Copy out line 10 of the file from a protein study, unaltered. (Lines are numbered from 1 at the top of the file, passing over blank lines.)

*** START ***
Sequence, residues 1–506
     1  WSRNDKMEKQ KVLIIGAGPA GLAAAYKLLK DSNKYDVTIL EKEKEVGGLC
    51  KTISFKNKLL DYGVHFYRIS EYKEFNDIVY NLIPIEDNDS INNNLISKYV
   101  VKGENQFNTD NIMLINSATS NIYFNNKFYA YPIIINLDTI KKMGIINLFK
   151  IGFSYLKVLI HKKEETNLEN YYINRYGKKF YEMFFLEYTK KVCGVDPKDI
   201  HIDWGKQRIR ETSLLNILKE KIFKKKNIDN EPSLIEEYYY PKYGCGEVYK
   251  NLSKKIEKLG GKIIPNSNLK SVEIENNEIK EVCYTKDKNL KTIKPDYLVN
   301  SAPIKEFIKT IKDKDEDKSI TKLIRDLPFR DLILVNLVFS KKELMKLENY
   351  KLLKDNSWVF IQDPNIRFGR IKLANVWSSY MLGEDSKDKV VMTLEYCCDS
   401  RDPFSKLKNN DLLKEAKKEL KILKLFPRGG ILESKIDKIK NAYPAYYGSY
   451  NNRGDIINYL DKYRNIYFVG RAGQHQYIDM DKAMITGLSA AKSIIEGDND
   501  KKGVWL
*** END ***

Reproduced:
   401  RDPFSKLKNN DLLKEAKKEL KILKLFPRGG ILESKIDKIK NAYPAYYGSY